The Woodrow Wilson Center Press
Rural Reform in Post-Soviet Russia reviews changes in agricultural and rural life since 1990 through historical, political, sociological, and anthropological investigation into Russia's agricultural and rural life. The contributors' interest is not so much in agriculture itself but in agrarian issues such as the relationship between rural interests and changing Russian institutions, the economic and social organization of rural households, and the quality of life in rural families and villages.
The commutarian movement aims to balance the individual liberties prized by modernity with the health of the community in which those liberties are exercised. The Communitarian Persuasion is a brief, thoughtful, readable argument for communitarian political philosophy by one of the principal thinkers of the movement.
This book is composed of essays addressing the existence of a distinctive European identity. They address matters of politics, law, religion, literature, culture, and even affectivity.
Since their genesis in 1947, the nations of India and Pakistan have been locked in a seemingly endless spiral of hostility over the disputed territory of Kashmir. Ganguly asserts that the two nations remain mired in conflict due to inherent features of their nationalist agendas.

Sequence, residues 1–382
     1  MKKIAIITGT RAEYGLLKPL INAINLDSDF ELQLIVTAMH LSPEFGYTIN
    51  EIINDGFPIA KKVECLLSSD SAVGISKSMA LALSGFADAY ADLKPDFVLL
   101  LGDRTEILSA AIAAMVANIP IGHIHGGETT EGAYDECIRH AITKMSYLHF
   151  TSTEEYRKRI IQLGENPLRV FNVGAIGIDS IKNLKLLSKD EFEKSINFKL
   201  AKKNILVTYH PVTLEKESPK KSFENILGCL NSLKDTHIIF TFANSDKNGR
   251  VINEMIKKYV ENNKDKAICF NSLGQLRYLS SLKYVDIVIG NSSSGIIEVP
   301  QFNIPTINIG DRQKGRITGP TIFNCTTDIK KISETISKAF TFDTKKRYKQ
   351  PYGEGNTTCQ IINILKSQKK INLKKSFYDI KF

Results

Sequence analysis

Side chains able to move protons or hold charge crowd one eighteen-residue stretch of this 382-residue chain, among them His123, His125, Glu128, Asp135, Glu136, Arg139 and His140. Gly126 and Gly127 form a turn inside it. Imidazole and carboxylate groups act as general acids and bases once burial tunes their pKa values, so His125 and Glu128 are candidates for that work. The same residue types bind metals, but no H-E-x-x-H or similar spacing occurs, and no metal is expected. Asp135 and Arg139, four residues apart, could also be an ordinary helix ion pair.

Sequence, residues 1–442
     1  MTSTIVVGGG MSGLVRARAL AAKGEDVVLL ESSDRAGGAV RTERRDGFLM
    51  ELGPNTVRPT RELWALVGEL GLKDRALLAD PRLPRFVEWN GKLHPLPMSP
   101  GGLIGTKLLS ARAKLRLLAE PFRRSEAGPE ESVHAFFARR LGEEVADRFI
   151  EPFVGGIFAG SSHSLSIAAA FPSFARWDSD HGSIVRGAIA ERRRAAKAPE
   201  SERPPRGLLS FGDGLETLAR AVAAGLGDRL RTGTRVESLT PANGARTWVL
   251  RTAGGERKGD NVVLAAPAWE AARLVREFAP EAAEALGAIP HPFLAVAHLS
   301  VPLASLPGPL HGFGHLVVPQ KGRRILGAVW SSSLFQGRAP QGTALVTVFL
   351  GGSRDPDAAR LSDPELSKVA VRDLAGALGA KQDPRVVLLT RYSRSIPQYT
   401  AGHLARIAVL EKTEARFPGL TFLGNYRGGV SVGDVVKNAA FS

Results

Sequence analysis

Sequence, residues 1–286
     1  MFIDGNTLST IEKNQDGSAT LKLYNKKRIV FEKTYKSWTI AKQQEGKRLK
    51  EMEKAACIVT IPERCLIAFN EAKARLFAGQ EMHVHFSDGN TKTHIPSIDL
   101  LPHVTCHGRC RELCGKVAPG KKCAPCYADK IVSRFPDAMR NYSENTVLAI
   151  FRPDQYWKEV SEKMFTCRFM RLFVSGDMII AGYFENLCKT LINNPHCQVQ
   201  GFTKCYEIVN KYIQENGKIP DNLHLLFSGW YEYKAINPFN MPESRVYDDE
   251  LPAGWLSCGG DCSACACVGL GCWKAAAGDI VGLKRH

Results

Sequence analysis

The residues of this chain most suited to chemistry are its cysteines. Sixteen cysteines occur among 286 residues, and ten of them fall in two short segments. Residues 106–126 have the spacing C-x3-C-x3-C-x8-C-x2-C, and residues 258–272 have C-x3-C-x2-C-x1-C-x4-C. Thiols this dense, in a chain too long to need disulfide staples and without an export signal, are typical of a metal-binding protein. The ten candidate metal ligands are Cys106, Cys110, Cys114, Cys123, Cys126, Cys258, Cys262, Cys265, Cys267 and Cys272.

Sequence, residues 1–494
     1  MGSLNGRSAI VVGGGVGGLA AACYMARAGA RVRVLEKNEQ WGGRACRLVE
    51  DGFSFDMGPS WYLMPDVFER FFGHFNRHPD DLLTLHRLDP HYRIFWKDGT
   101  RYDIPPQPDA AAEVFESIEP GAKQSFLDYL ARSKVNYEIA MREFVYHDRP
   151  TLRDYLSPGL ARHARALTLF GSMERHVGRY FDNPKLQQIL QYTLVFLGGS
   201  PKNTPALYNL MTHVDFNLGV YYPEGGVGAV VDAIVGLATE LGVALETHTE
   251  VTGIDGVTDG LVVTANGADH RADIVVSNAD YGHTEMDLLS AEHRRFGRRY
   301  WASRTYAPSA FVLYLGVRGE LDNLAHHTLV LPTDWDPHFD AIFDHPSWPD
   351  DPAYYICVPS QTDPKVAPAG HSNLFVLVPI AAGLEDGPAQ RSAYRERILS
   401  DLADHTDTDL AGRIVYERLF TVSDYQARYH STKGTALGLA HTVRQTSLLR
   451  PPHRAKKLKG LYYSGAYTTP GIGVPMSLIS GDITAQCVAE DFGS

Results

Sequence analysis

Fragmented Space in The Russian Federation explores Russia's complexity and the meanings of the country's internal borders, the future of its agricultural spaces, the development of its political parties, and the effect of its federal organization.
In Entangled Evolutions, journalism professor Peter Gross studies privatization of the media in Eastern Europe after the revolutions of 1989.
This book reviews the post-communist development of political parties in the Czech Republic, Slovakia, Poland, and Hungary. TomáŠ Kostelecký describes party history up to 1947 and then covers the communist and post-communist periods.
This book compares sub-Saharan Africa and the former Soviet Union, two regions beset by the breakdown of states suffering from extreme official corruption, organized crime extending into warlordism, and the disintegration of economic institutions and public institutions for human services.
Replicating Microfinance in the United States reviews experiences with microfinance in both developing and industrialized countries and extends the applications of microlending beyond enterprise to consumer finance, housing finance, and community development finance.
Tsarist Russia's commercial class is today receiving serious attention from both Russian and non-Russian historians. This book is a contribution to that literature. Commerce in Russian Urban Culture, 1861-1914 examines the relation between the entrepreneurial world, especially business and banking, and the cultural milieu of Russia. Going beyond the commercial-cultural connection of charitable activity, the contributors to this collaborative project also study cultural activity undertaken by enterprises for their own purposes, notably bank and commercial architecture.